As those involved with the “science” of COVID today will tell us, Science evolves; and as these fresh discoveries come to light we adapt to what might inevitably be a whole new set of circumstances. As the Science grows and we learn what we didn’t know before, so does the storyteller find an alternative set of dynamics from which to spin his or her webs of adventure and intrigue. Likewise, the technological advances that go hand-in-hand with mechanical evolution typically mean there are new ways to tell such stories, and these developments push storytellers in even bolder, perhaps crazier, perhaps more inventive directions.
Such was the predicament of SciFi in the early 1950’s.
Mankind was just entering its Atomic Age, and this burgeoning Science was at one time thought to be the harbinger of serious space exploration. Consequently, Hollywood rushed to deliver films that tapped this fertile ground, picking man up off his Big Blue Marble and throwing him out amongst the stars. Features like Forbidden Planet (1956), Destination Moon (1950), and Rocketship X-M (1950) showed audiences what hope the future could hold (or even what catastrophes waited in the wings); while It Came From Outer Space (1953), The Day The Earth Stood Still (1951), and The Thing From Another World (1951) reminded us to keep our guards up because not all that was green was good when it came to terrestrial and extraterrestrial encounters.
Flight To Mars (1951) found itself smack dab in the middle of these a’changing times.
Clearly, it’s simple story – five travelers on a trip to the Red Planet – was something screenwriters had already explored. Without anything to distinguish itself visually or scientifically, the film could easily be lost in the shuffle between what was and what was becoming the wide, wide world of cinematic Science Fiction. Thankfully, it turns seventy years young this year and is still around, at least so much so in this 4K restoration from The Film Detective so those of us who appreciate from whence we came can go back and take another look at a genre just becoming the entertainment juggernaut it was destined to be.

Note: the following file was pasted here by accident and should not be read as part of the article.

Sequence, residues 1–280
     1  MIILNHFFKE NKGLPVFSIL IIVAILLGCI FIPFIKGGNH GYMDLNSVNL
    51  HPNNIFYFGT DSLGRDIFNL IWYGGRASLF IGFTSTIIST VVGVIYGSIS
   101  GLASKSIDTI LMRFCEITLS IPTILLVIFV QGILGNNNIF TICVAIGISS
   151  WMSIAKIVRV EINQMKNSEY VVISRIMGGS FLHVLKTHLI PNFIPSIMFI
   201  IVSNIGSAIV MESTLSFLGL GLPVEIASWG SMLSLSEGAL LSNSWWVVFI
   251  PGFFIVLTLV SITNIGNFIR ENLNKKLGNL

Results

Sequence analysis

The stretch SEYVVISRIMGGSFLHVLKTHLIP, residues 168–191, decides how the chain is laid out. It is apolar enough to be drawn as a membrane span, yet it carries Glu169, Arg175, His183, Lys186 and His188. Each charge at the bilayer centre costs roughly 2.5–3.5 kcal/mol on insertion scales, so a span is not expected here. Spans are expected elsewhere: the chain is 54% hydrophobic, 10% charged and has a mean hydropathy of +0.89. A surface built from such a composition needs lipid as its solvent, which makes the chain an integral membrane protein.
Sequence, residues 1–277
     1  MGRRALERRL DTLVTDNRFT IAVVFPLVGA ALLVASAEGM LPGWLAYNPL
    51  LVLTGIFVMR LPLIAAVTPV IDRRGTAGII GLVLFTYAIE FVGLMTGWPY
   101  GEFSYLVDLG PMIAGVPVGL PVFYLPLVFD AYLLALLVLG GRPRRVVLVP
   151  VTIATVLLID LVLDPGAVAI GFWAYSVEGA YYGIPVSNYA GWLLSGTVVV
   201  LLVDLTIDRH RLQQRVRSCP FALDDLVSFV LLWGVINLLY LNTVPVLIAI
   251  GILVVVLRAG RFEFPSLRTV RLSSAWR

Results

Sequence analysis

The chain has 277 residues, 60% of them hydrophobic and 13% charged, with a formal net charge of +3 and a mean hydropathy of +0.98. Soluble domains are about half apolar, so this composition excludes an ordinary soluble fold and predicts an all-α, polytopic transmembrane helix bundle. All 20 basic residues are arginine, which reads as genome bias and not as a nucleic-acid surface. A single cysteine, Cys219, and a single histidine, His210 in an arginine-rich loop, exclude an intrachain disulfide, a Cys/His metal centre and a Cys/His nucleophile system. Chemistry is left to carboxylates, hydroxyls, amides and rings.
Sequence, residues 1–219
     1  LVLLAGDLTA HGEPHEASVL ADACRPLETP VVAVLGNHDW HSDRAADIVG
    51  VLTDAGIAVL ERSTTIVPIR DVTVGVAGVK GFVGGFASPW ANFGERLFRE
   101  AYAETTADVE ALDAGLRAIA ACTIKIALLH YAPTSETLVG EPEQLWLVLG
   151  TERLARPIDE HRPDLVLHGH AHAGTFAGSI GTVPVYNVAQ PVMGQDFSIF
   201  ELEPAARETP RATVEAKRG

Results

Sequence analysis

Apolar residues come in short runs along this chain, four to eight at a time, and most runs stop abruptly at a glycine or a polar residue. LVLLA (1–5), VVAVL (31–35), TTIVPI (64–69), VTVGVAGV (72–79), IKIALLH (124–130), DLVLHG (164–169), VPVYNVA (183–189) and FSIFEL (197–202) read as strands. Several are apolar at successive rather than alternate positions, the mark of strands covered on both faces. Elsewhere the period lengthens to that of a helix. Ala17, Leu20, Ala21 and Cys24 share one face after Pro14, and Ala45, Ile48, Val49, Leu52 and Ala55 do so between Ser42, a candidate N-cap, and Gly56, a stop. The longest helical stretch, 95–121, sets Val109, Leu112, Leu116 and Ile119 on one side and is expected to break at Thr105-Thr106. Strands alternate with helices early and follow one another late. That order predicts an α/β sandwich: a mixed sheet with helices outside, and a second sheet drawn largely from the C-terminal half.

(NOTE: The following review will contain minor spoilers necessary solely for the discussion of plot and/or characters. If you’re the type of reader who prefers a review entirely spoiler-free, then I’d encourage you to skip down to my last few paragraphs for the final assessment. If, however, you’re accepting of a few modest hints at ‘things to come,’ then read on …)
From the product packaging:
“Five Earthlings land on Mars and are greeted by a team of friendly Martians. Fearing they have depleted the key mineral used to power their life-support systems, these Martians are determined to get off the red planet by any means necessary – including stealing the Earthlings’ ship and invading Earth! Can this group of Earthling space travelers outsmart these diabolical Martians?”
As stories go, you really can’t get more basic than boy-meets-girl; and that’s mostly what Flight To Mars is at its core … a two-fer boy-meets-girl – one Earthling and one Martian – with astronaut Cameron Mitchell falling for brainy ‘Earther’ Virginia Huston just as U.S. scientist Arthur Franz is falling for Martian lovely Marguerite Chapman. (My two cents? Both ladies are definitely keepers!) On the face of it, Flight is little more than a space-age road trip with a pair of romances thrown in to keep viewers invested, and there’s nothing wrong with that. While other Science Fiction and Fantasy films of this era were trying to up-the-ante on the seriousness of boldly going where no one had gone before, this Flight pretty much coasts on screenwriter Arthur Strawn’s color-by-numbers approach, something Monogram Pictures’ releases were known for.